93-95 Château Margaux, Margaux. This is elegant Margaux, not powerful, soft, chic, with its exceptional balance, fresh acidity and soft tannins over some dense fruit. It is restrained, delicious already, a fine response to the difficult year. —R.V.


Ratings of wines from Margaux, Listrac-Médoc and Moulis-en-Médoc

92-94 Château Palmer, Margaux. Fresh, jammy, soft wine, with delicious sweet tannins. The freshness goes right through, giving life to the aftertaste of generous ripe fruits. —R.V.

91-93 Château Rauzan-Ségla, Margaux. Initially a very dry wine, but there is depth, complexity here, with some good rich fruits. It has a proper structure, with a dark core of tannin. —R.V.

90-92 Château Dauzac, Margaux. Starting dry, this begins to open with some spicy fruit. It has some good richness which offers blackberry flavors. Good fresh aftertaste. —R.V.

90-92 Château d’Issan, Margaux. Deeply color, followed by solid fruit, black flavored, the tannins firm, showing licorice and some richness. —R.V.

90-92 Château Giscours, Margaux. Spicy, peppery wine, dominated by its new wood flavors. The toast is great, the fruit suggesting richness but certainly not yet. —R.V.

90-92 Château Marquis de Terme, Margaux. Good juicy fruit at the core of this wine, showing freshness, but also hard-edged tannins. There is some good density here. —R.V.

89-91 Château Brane-Cantenac, Margaux. Soft, juicy wine, showing relatively soft tannins and plenty of blackberry flavors. —R.V.

89-91 Château Kirwan, Margaux. Dry textured wine which is focussed on its fruit tannins, some green pepper, the wood spice coming through towards the end. —R.V.

89-91 Château Labegorce-Zédé, Margaux. Dense, relatively balanced wine, maybe without much power, but with attractive soft tannins. —R.V.

89-91 Château Siran, Margaux. Tannin, tannin and more tannin. The weight is there, there are some blackberry flavors, but it’s very hard to get through those extreme tannins. —R.V.

88-90 Château Cantenac-Brown, Margaux. Dark, dense, hard textured wine, very dry, firm, missing the fruit. Only a sign of future pleasure. —R.V.

88-90 Château du Tertre, Margaux. Spice, new wood, the fruit totally dominated by the new wood. At least the aftertaste has some freshness, new wood and acidity. —R.V.

88-90 Château Malescot Saint-Exupéry, Margaux. This has some good depth, complexity, with spice and finely structured tannins. The acidity is well integrated. —R.V.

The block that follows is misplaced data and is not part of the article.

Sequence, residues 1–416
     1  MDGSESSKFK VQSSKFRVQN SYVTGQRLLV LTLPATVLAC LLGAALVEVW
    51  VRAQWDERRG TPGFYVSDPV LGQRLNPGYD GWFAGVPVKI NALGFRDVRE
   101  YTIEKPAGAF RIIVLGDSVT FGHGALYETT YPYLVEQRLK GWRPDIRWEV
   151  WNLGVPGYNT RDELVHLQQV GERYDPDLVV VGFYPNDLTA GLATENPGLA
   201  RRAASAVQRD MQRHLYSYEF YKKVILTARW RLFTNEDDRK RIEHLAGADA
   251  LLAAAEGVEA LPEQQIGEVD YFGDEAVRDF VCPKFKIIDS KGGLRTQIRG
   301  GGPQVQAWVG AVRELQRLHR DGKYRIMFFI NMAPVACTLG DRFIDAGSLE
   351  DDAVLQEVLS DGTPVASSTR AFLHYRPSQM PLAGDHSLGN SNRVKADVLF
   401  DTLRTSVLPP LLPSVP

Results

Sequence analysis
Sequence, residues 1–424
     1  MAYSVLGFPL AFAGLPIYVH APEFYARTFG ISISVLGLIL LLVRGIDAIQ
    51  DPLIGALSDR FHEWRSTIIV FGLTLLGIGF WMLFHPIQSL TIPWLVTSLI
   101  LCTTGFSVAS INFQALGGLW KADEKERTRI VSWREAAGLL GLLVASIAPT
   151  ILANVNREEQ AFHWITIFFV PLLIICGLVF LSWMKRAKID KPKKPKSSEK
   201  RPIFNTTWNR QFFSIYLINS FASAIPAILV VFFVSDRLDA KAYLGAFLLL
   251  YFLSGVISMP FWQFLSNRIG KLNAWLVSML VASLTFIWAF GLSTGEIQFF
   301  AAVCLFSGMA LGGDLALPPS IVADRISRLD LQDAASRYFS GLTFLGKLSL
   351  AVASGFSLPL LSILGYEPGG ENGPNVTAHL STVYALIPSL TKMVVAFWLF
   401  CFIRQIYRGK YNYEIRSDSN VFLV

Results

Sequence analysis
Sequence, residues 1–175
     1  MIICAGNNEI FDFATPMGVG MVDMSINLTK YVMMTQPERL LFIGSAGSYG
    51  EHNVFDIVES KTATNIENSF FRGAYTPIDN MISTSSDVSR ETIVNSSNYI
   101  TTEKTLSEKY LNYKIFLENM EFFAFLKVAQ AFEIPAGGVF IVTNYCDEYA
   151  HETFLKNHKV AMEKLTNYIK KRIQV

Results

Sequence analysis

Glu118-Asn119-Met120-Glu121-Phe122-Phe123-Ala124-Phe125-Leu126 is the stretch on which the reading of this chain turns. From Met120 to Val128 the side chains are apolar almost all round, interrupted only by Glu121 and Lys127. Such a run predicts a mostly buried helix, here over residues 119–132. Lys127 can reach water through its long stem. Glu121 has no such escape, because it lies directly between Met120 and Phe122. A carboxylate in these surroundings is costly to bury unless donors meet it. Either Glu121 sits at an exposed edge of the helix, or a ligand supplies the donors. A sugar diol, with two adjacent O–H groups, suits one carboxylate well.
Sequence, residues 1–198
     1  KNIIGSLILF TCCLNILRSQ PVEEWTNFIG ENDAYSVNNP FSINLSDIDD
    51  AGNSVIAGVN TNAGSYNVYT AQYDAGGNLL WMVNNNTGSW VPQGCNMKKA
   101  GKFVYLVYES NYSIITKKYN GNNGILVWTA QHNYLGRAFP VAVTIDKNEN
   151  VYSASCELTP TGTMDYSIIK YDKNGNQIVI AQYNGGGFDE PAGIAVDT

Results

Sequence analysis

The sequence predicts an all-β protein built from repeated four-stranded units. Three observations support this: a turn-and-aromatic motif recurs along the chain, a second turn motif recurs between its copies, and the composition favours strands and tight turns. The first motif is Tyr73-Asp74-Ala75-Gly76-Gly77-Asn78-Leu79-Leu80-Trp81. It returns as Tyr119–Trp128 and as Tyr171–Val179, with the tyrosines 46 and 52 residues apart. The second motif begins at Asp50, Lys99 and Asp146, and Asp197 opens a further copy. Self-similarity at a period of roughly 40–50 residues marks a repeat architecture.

88-90 Château Monbrison, Margaux. Fruity wine, with some green flavors as well as the soft acidity. Blackcurrants and some cranberry tannins, give a juicy aftertaste. —R.V.

88-90 Margaux Pavillon Rouge de Château Margaux, Margaux. Very perfumed, soft wine, balanced already, fresh but delicate. The aftertaste is fresh, hints of spice from the wood. —R.V.

88-90 Château Rauzan Gassies, Margaux. A layered wine, dry and firm initially, but there are also good plummy fruits, the tannins round out, even though the aftertaste is firm and dry. —R.V.

87-89 Palmer Alter Ego de Palmer, Margaux. There is some concentration, but there’s also a green element, with bitter chocolate, spice and very soft tannins. —R.V.

87-89 Château Desmirail, Margaux. Structured wine, dry, firm tannins, with plenty of juicy fruit under all this. The finish is tough, spicy, dry. —R.V.

87-89 Château Durfort Vivens, Margaux. Fresh, fruity wine, with light acidity and soft tannins. There are blackcurrant fruits, and only some light structure. —R.V.

87-89 Château Prieuré-Lichine, Margaux. With blackberry jam aromas, it is not surprising that this is a soft wine, pleasurable fruit, but only a hint of tannin. Soft, bramble jelly aftertaste. —R.V.

86-88 Château d’Angludet, Margaux. The dry core of this wine is dominant, the tannins showing toughness, and some green pepper flavors come through. —R.V.

86-88 Château Labegorce, Margaux. Thin, lightweight wine, supported only by tough tannins. It never shows much balance or fruit intensity. —R.V.

86-88 Château Lascombes, Margaux. Licorice and bitter acids don’t set this wine off well. It is all about hard tannins afterwards. —R.V.

85-87 Château Ferrière, Margaux. Extracted and tough, here is a wine that has farmyard flavors, and plenty of rough edges. —R.V.

88-90 Château Clarke, Listrac-Médoc. Rough-edged wine, all angular tannins. The fruit is there, some blackcurrant acidity, but the structure is very solid. —R.V.

87-88 Château Fourcas-Hosten, Listrac-Médoc. With its considerable new wood aromas, this is a wine which shows some polish. The fruit is more lean than the rich wood. —R.V.

86-88 Château Ducluzeau, Listrac-Médoc. Soft, simple and rich, good wood, spice and blackberry fruits. —R.V.

86-88 Château Fourcas-Dupré, Listrac-Médoc. Has some depth, but the tannins give it a lean character, finishing with light acidity —R.V.

85-87 Château Fonréaud, Listrac-Médoc. Dark tannins, lean fruit, with some rough edged structure. —R.V.

89-91 Château Chasse-Spleen, Moulis-en-Médoc. Bone-shakingly dry tannins surround fruit that is certainly extracted. There is some depth of flavor here, but you need to dig deep. —R.V.

88-90 Château Poujeaux, Moulis-en-Médoc. Concentrated wine, the tannins bearing up some fresh fruit, the acidity vibrant. It is not powerful, but has some potential pleasure. —R.V.

90-92 Château Potensac, Médoc. Very dark, dense, showing solid fruit and structure. There is definitely power here, but the aftertaste, soft and round, shows the character of the vintage. —R.V.

88-90 Chapelle de Potensac, Médoc. This is about fresh, delicious, perfumed, relatively light fruit. There is ripeness, but the tannins are muted, the wine ends sweetly. —R.V.

86-88 Goulée, Médoc. This wine is designed to taste very new world. To that extent it succeeds well, very fruity, full of forward blackberry flavors. The wood is generally too dense for the fruit, finishing with fruit and licorice. —R.V.

Published on April 14, 2008
Topics: Ratings, Reviews